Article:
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Saskatchewan NDP asks Speaker to call meeting on gun allegation, invite investigation

May 30, 2024
The Canadian Press

Saskatchewan’s Opposition is calling on the Speaker to set the wheels in motion for a third-party investigation into gun-carrying and bullying behaviour inside the legislature.

NDP democracy critic Meara Conway told reporters Tuesday that Speaker Randy Weekes chairs the all-party house services committee and could call for that panel to vote on whether to launch a third-party probe with authority to summon witnesses.

The allegations surround Premier Scott Moe’s governing Saskatchewan Party, particularly Trade Minister Jeremy Harrison. Saskatchewan Party members form a majority on the house services committee, meaning such an investigation couldn’t happen without their support.

Conway said if Weekes calls a committee meeting, it would provide a “clean route” to getting an investigation.

“There is an alleged culture of bullying and harassment at the core of Scott Moe’s Saskatchewan Party caucus,” said Conway.

“Minister Harrison remains one of Moe’s senior ministers and essentially the face of Saskatchewan to international investors and trade partners, despite the fact he’s now an established liar and has displayed conduct well below what we’d expect from any minister of the Crown.”

In a letter to Weekes sent Tuesday, Conway said the issue is bigger than both parties.

“The rule of law must be upheld and the basic principles of workplace safety and accountability must be respected,” she wrote.

Weekes declined to comment on whether he would call such a meeting.

Moe’s office said in a statement that it supports an investigation through the legislature’s anti-harassment policy, with formal complaints filed with the assembly clerk.

It said a third-party probe is a non-starter.

“We would support any investigation that may occur pursuant to the Members’ Anti-Harassment Policy but would not support pursuing this matter through House Services Committee, as that is not the appropriate avenue,” said the statement.

Weekes, who must be impartial in his role as Speaker, failed to secure a nomination to run for the Saskatchewan Party in the upcoming fall election and recently cut up his party membership card.

He surprised the house in April by announcing he had been the subject of intimidating text messages from fellow Saskatchewan Party caucus members, particularly Harrison.

On May 16, the last day of the spring sitting, Weekes added more accusations. He said Harrison had flashed the inside of his jacket at the Speaker, a gesture suggesting the minister was carrying a gun. Weekes also said Harrison once brought a rifle into the building and also wanted to bring in a handgun.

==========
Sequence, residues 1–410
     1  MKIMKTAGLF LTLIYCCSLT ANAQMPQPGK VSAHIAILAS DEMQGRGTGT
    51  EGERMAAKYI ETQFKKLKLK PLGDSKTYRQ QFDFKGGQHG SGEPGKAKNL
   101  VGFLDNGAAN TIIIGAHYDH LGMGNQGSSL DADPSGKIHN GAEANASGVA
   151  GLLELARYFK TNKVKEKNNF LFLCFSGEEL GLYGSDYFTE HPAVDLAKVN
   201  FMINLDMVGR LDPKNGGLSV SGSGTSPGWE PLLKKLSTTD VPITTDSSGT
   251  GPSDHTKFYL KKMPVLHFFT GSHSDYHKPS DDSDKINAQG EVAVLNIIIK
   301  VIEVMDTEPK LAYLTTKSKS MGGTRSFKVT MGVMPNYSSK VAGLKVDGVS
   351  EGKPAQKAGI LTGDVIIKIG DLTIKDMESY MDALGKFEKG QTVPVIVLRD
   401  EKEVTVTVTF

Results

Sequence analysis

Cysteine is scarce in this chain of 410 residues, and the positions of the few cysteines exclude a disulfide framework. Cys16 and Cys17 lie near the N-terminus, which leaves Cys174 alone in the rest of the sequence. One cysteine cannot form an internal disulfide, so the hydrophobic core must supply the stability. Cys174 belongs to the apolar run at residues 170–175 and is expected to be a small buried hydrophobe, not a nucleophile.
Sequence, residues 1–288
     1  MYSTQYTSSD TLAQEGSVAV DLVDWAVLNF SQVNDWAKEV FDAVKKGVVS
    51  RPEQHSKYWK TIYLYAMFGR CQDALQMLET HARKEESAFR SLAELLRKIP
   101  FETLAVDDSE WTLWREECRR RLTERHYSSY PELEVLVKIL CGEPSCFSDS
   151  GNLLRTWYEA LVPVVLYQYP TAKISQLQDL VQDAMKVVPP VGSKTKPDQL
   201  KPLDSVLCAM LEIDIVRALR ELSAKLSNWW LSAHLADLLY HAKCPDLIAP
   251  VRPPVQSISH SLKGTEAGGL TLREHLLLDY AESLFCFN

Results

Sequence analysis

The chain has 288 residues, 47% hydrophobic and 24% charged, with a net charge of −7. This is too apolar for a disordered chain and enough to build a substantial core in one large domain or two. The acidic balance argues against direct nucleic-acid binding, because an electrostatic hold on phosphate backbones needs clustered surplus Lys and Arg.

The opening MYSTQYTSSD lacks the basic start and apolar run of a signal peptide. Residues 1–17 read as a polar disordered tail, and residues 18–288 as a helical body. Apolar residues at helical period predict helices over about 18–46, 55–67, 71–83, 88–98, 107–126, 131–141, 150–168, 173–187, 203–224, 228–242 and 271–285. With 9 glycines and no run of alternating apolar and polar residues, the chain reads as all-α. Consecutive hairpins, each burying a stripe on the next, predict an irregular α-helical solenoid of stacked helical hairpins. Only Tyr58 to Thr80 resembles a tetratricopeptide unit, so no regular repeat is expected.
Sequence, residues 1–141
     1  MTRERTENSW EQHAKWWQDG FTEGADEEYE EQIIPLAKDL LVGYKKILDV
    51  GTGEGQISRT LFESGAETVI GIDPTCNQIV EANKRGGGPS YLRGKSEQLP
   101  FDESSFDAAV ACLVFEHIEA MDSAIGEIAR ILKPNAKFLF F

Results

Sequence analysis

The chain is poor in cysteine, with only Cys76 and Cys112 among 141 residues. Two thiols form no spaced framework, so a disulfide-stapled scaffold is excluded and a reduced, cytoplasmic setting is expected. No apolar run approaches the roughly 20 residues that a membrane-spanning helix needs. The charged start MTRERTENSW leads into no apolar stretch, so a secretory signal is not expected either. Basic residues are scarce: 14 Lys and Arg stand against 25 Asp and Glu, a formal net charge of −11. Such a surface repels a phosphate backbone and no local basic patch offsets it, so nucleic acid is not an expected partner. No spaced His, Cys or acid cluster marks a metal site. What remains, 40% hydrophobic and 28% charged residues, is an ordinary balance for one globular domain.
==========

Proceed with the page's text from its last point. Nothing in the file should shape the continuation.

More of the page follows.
A day later, Moe told reporters the allegations against Harrison were “unequivocally false.”

But Harrison later issued a statement saying he did indeed bring a long gun into the legislature a decade ago to prevent it from being stolen from his truck.

On Monday, Harrison explained more in media interviews. He said he had initially forgotten he took a rifle into the legislature but was reminded of it by family and passed the new information on to Moe.

He denied the accusation from Weekes of wanting to bring a handgun into the legislature. But Harrison said texts to the Speaker were regrettable and part of the cut and thrust of politics.

Harrison resigned his position as government house leader but remains in his cabinet post. Moe said he still has confidence in Harrison.

Last week, the NDP wrote to legislative security and the chief firearms officer asking what they knew about Harrison bringing a gun and wanting to carry one in the legislature.

Dani Herman, the director of legislative security, wrote in response that any allegations of an offence would need to be reported to Regina police.

A spokesperson for Regina police said he could not find any recent reports of complaints of guns at the legislature.

Blaine Beaven, legal counsel for the Saskatchewan Firearms Office, said in a letter that he couldn’t say whether Harrison requested to carry a handgun, as the office can’t release personal information.

Beaven said authorization to carry is only given in very limited circumstances.

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